Limitations with Current Research

Current evidence is limited to observational studies. So far only highlighting the links between ill health and sitting. Not the direct cause.

Other factors limiting the current research includes not accounting for other factors that could have an impact on health. Such as smoking, poor diets, and alcohol consumption.

When astronauts return from space, even light walking and exercise reverses the negative effects bought on by being in a zero gravity environment.

Recommended Sitting Duration per Age Group

Here is some age-specific advice regarding how long a person should sit, as per the UK governmental guidelines.

Children under 5

Children under 5 spend most of their seated time either while travelling, watching TV, or sitting on their own playing.

The recommendation here is to limit the time they spend in these positions. There is strong evidence to support that fact that sedentary behavior in these formative years is strongly linked to obesity in later life.

While this is a challenge for most busy parents, the advice is supported by evidence that these early life experiences have a strong impact on the individual as an adult.

Tips to help reduce sitting time in under 5’s:

  • Mix up carrying and sitting the child in pushchairs.
  • Reduce time spent in walkers and other walking aids.
  • Reduce time spent in front of the TV and play standing games.

Children and Teenagers

There is research to back up the assumption that children in households with several computers, game stations and TV’s spend more time sitting.

For individuals aged between 5 and 18 years of age. Reducing the time spent sitting means taking breaks to move around while at home, in the classroom, or travelling.

Tips to help reduce sitting time in 5 to 18 year olds:

  • Implement a balance between activities and TV time.
  • Agree and enforce a family wide limit on screen time.
  • Make bedrooms screen-free rooms.
  • Encourage all family members to take part in house chores.
  • But children active toys, such as scooters, skateboards, and outdoor toys.

Adults

Adults between the ages of 19 and 64 years old are advised to reduce their time seated each day. With work, travel, and home life being the main areas of concern.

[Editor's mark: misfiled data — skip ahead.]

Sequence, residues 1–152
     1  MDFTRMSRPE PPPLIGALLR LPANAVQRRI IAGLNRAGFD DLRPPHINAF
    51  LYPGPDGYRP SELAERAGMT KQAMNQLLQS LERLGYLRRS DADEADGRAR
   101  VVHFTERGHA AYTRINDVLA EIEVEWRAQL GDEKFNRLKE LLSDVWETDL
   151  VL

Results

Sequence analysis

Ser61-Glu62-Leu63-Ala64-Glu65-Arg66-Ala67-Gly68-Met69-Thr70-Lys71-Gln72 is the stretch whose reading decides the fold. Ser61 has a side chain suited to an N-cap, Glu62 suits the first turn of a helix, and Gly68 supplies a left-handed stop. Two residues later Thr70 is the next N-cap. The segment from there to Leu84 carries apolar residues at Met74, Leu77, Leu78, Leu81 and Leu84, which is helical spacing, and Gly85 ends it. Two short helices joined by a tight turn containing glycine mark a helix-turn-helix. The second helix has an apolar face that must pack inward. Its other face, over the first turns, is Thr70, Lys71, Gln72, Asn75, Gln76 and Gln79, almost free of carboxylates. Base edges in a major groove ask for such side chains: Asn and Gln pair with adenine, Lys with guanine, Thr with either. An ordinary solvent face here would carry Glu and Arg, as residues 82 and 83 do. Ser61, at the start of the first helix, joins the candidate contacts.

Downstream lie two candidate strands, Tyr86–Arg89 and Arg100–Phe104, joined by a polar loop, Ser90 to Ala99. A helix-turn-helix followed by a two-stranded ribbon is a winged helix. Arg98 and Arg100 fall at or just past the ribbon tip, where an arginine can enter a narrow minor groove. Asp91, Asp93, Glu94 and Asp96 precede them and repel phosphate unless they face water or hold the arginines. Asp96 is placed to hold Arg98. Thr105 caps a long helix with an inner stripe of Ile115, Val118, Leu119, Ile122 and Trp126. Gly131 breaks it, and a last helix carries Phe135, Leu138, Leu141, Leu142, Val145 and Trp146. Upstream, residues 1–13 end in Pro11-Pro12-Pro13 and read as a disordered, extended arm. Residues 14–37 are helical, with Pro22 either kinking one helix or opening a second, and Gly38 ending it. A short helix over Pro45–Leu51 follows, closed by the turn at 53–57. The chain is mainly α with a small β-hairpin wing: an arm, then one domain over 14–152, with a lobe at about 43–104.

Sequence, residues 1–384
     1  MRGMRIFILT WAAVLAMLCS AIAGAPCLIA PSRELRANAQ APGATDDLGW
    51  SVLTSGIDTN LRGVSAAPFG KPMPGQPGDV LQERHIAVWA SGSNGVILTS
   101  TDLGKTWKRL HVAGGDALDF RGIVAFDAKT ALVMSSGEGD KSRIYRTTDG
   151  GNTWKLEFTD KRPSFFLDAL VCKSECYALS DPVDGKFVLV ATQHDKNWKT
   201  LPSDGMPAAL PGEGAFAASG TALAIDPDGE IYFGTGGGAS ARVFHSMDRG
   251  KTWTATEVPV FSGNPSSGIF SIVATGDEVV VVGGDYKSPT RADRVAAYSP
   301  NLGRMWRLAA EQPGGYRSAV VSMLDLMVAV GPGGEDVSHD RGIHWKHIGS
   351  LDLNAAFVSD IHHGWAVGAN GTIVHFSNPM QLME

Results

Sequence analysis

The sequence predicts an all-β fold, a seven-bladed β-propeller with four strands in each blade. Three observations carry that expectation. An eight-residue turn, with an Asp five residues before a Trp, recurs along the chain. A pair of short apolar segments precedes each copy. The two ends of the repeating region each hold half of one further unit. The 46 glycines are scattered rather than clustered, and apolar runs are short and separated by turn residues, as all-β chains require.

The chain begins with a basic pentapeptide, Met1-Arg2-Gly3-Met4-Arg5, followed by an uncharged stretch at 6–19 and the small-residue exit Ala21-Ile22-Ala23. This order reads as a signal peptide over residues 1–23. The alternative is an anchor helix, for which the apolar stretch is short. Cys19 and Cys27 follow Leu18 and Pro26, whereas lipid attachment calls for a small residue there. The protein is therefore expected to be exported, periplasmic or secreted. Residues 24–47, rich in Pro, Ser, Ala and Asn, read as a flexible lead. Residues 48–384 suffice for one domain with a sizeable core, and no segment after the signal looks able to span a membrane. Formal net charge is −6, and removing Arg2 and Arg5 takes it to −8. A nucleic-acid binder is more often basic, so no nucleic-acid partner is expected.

Tips to help reduce sitting time in 19 to 64 year olds:

  • If travelling by train or bus opt to stand.
  • Take stairs or escalators where possible.
  • Set an alarm to remind you to get up and take a break every 30 minutes.
  • Start using a standing desk.
  • Watch less TV, instead find outdoors activities.

Older Adults

Older adults that are 65 and over are known to spend as long as 10 hours or more sitting down during the day.

There are some other factors not applicable to younger ages. Such as being retired, ill health, reduced mobility, there is still a need to minimize time spent sitting.

There is a higher risk of circulation and blood clotting issues with the elderly. Older adults need to break up their sitting duration as much as younger adults.

Tips to help reduce sitting time in over 64 year olds:

  • Avoid long periods in front of the TV.
  • Set timers to remind you to stand up and move around.
  • Use the stairs as often as possible.
  • Join clubs and social groups to keep active.
  • Do your own housework if possible.

As you can garner from reading the above, extended periods of sitting is extremely dangerous to your health over a long period.

This isn’t scaremongering, or some new fitness fad. This is a real problem, with a great deal of evidence already collected.

The bad news is that most of us ‘have’ to spend a large part of the day sitting. If that applies to you I recommend you start standing every 30 minutes as recommended.

Sitting is a serious health risk. It’s important to take care of our health now, and have a healthier, longer life as a result.